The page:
Indrani Mukerjea
Indrani Mukerjea

Mumbai: The CBI was in a tearing hurry to pick up former finance minister P Chidambaram but proving charges against him is not going to be a cakewalk for the prosecution.

The agency has relied extensively on the statements of Indrani Mukherjea, an accused-turned-approver, but legal luminaries feel her "tainted" evidence may not be sufficient to get Chidambaram convicted. 

Notably, Indrani, who was initially named as an accused in the INX Media case, has offered to be an approver in the same case against Chidambaram; somewhat like her former driver who has turned an approver against her in daughter Sheena Bora's murder case.

Ironically, his testimony has helped the prosecution build a strong case against her, though she claims to be innocent.

According to Supreme Court advocate Aman Hingorani, the CBI's reliance on Indrani's statements cannot be the sole ground for convicting Chidambaram. 

"The fact that she is facing a grave charge like murder cannot be disregarded. Thus, her evidence would be tainted evidence," Hingorani said. 

"Now, since her evidence is tainted, the prosecution cannot rely on it extensively. Even the court cannot convict Chidambaram only on the basis of her statements. Her statements, at the most, can be only used for corroborating other material on record," Hingorani explained. 

As per the top court advocate, all eyes would be on the judge, who deals with the case. "It would entirely depend upon the judge, as to how much importance he gives to this ‘tainted’ evidence of Indrani," Hingorani said.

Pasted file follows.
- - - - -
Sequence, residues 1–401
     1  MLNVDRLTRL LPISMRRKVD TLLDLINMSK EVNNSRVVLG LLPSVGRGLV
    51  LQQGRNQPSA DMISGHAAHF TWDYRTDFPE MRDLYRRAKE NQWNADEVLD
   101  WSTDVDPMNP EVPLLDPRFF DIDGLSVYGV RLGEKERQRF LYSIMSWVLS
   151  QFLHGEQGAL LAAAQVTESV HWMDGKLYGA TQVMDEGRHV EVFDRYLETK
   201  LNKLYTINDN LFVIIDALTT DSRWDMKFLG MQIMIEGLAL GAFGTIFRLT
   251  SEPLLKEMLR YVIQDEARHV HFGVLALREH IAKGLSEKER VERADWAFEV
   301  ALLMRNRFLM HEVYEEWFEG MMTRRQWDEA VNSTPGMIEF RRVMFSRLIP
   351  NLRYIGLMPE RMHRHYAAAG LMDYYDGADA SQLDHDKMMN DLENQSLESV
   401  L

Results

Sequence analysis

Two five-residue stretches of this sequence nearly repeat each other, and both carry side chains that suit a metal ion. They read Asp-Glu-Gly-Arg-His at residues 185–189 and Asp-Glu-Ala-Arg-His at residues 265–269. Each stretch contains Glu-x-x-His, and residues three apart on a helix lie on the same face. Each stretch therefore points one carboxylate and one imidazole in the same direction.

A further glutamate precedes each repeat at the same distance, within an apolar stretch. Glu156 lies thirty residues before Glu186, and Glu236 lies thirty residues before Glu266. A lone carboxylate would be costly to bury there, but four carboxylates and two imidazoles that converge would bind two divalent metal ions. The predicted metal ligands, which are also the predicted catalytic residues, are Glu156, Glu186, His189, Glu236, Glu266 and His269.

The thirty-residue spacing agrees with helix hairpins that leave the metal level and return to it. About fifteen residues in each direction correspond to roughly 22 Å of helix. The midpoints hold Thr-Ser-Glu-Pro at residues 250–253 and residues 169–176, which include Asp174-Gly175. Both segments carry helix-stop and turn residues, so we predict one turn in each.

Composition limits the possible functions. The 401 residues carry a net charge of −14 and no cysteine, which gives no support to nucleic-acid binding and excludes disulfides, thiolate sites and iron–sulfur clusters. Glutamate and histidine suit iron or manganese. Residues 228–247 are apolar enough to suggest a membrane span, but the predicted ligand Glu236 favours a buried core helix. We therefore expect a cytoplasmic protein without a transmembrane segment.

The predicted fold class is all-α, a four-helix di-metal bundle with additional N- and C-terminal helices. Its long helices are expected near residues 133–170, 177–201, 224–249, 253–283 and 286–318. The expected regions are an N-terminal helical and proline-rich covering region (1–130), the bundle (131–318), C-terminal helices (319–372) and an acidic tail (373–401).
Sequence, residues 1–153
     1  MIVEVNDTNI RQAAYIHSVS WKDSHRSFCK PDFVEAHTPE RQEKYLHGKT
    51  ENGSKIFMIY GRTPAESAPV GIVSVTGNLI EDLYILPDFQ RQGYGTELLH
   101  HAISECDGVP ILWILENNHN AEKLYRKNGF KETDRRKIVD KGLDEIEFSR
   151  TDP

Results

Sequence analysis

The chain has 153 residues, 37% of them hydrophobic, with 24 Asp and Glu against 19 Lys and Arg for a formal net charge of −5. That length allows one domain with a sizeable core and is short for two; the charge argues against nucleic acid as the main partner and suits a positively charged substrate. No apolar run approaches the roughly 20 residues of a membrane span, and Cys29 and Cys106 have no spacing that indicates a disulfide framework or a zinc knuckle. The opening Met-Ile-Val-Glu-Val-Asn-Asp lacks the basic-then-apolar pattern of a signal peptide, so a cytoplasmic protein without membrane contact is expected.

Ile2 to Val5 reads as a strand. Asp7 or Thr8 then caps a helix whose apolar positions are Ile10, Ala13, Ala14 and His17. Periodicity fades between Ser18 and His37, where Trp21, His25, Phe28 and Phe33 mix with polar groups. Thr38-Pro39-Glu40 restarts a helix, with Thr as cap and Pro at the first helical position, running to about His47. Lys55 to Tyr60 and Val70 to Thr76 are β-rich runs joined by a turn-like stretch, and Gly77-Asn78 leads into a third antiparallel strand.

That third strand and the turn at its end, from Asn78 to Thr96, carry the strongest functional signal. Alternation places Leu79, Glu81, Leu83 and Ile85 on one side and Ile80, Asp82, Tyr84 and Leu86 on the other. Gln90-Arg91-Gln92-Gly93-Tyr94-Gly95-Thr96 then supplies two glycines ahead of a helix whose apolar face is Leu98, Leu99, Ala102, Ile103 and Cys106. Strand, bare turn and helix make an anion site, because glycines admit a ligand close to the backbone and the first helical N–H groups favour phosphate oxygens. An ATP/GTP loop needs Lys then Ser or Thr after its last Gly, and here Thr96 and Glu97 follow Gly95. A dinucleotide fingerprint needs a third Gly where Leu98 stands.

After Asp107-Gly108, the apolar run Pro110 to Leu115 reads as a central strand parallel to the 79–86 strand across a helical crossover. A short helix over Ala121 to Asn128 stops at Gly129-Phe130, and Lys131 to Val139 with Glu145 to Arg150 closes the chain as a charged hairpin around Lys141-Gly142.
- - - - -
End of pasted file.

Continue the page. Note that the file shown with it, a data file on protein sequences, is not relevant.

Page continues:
He further explained that the judge would consider Indrani's evidence, weigh it against her conduct, the charges she is facing in the Sheena Bora case, and accordingly use his discretion in relying on her evidence.

Similar was the opinion of Justice (retd.) Abhay Thipsay, who said Indrani's testimony is admissible in law but only if it is corroborated by someone else's evidence. 

"Theoretically, an approver's evidence can be used to prosecute someone; but, in practice, such evidence must be substantiated or corroborated by someone else," Justice Thipsay said. 

"The court has to first consider how much importance the investigating agency is giving to her statements and then decide how reliable her evidence is.

Sometimes it happens that the agency arrests others only on basis of suspicion or such evidence adduced by approver or co-accused. But at the end of the day, it would be for the court to decide whether to rely on her testimony or not," Justice Thipsay added.

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